The rebels under Gilmore, when they boarded the train of cars which they stopped at Kearneysville on Friday morning, inquired for the Messenger of the Adams Express Company, that they might get the keys of his safe. Mr. Ishade, the agent sort of concealed himself under some mail bags, and all the passengers were wonderfully ignorant of his whereabouts. The rebels examined the safe, turned it over and looked at it very wistfully, but as they had not time to break it open and it was too heavy to carry off, they were compelled to abandon it. The safe contained about four thousand dollars in money.

The Baltimore papers say that several members of the Maryland State Legislature, delegates from the Western counties, were among the passengers, but on the occasion are represented to have been quite taciturn as to their official positions. Their greenbacks, watches, &c., are said to have formed a part of their booty.

The scene inside the train after the affair is said to have been mournfully indictors. As certain of the passengers would bring forth from a hiding place various amounts of greenback or other valuables, which, however, was from time to time well balanced by imprecations and mournful announcements of losses on the part of others.

The other whole affair, indeed, is a strange and novel one; the first time since the war, it is alleged, that passenger train has been captured not destroyed. As to who the raiders really were so many various opinions have been expressed that nothing definite can yet be stated on that score. It was thought by some that it was done by a local predatory band, organized for that purpose of plundering at every opportunity. The fact that no prisoners were taken off was regarded as arguing rather strongly that they were not regular rebels.

The complete success of the daring affair created quite an excitement in military circles, and it was stated that a thorough investigation would be made is regard to it.

Richmond Daily Dispatch
February 19, 1864

The Railroad Raid near Harper's Ferry.

The Baltimore American, of Saturday, has the following notice of the capture of a railroad train near Harper's Ferry, by Gilmer's cavalry. It says: The train which left Baltimore at six o'clock on Thursday evening reached Harper's Ferry about 11 o'clock, and moved on towards Martinsburg, having on board a goodly number of passengers bound West. When at Kearneysville, about nine miles beyond Harper's Ferry and ten miles this side of Martinsburg, the train encountered a pile of rails on the back, and the locomotive was thrown off, but going at a slow speed, no damage was done.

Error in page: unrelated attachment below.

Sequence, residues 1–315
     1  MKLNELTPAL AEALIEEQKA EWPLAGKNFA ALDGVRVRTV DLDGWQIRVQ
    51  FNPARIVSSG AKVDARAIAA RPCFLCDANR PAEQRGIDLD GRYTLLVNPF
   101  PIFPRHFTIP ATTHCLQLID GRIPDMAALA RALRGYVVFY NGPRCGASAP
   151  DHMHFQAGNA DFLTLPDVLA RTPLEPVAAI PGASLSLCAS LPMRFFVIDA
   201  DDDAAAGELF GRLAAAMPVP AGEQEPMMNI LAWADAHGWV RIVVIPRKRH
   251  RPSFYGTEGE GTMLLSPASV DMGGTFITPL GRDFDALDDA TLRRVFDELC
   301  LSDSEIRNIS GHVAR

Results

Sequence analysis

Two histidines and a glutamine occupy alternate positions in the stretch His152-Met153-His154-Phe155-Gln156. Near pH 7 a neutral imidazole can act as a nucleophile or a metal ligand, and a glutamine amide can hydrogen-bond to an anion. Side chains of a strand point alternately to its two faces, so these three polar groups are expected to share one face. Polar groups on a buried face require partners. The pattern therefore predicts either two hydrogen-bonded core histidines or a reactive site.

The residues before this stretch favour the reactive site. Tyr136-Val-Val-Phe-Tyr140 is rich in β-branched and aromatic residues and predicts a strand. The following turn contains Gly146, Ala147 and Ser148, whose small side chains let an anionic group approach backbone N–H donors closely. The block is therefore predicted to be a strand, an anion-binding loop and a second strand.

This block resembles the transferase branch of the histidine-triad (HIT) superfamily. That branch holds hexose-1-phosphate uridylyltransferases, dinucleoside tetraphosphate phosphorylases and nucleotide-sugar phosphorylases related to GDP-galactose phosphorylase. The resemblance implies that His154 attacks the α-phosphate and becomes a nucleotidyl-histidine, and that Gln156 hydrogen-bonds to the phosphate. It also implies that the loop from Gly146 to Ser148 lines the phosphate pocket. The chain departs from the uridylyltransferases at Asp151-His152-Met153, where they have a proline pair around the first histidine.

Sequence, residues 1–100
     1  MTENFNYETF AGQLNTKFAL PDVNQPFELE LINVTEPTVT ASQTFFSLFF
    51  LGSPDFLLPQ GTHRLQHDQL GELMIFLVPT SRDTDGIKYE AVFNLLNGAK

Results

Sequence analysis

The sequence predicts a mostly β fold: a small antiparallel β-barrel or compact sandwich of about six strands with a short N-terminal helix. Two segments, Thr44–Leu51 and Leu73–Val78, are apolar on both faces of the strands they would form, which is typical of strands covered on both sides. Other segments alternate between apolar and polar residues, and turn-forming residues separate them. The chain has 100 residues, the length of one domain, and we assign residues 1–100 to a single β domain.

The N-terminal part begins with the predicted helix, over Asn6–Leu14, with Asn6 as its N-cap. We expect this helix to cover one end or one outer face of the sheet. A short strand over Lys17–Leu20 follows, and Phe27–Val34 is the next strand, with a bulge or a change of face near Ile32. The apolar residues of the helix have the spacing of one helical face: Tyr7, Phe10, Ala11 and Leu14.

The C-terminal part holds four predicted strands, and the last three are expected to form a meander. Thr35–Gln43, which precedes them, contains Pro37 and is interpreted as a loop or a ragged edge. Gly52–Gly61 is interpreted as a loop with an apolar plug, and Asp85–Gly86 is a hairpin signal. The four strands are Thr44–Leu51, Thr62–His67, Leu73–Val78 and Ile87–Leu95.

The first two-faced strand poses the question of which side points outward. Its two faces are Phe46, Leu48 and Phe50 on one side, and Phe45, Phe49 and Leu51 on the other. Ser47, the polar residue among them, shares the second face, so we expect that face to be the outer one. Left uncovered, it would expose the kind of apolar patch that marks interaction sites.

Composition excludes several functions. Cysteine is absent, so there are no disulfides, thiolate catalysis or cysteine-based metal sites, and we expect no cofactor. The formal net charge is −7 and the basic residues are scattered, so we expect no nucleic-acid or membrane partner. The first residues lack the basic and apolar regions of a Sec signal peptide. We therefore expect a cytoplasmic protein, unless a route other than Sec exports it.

As soon as the train was stopped a crowd of armed rebels, about forty in number, surrounded it and took possession of the passenger cars. They then went round and searched and robbed each passenger, commanding each to "stand and deliver" their watches, pocket-books, and other valuables. The work is said to have been done most thoroughly, with all the grace and sang froid of experienced highwaymen. Even their pocket-knives and toothpicks did not escape the plunderers. Those who did the robbing were accompanied by pistol- holders, who thrust the muzzles under the noses of the victims whilst they were being plundered.

They did not touch the engage train or Adams Express car, and when they had finished their work with the passengers, mounted their horses and left. The locomotive was soon put upon the track and proceeded on to Cumberland.

Richmond Daily Dispatch
February 22, 1864

The Capture of an Express train on the Baltimore and Ohio Railroad.

We have already given an account from the Baltimore American of the capture of an express train on the Baltimore and Ohio Railroad, on Thursday week. The capture of this train was made by Major Gilmer's battalion of independent rangers, at a point in Jefferson county known as Brown's Shop, about midway between Harper's Ferry and Martinsburg. At both of these points there was a heavy force of the enemy, and, after the capture of the train was discovered, detachments were sent out to intercept Gilmer's band. The train was the Express from Baltimore, and on board of it were eighty armed Yankee's, all of whom, with their arms fell into Gilmer's hand. Major G.'s force consisted of but twenty-eight men. Among the passengers on board the train was ex-Senator Bright, of Indiana, who is reported to have rather enjoyed his capture by our forces.

The results of the capture were about $100,000 in greenbacks, 100 fine revolvers, a large lot of sabres, several gold watches, and many other articles of value.

Being closely pursued by a heavy column of the enemy, Maj. Gilmer found it necessary to let the prisoners off, which he did with great regret.

Timeline of West Virginia: Civil War and Statehood: February 1864

West Virginia Archives and History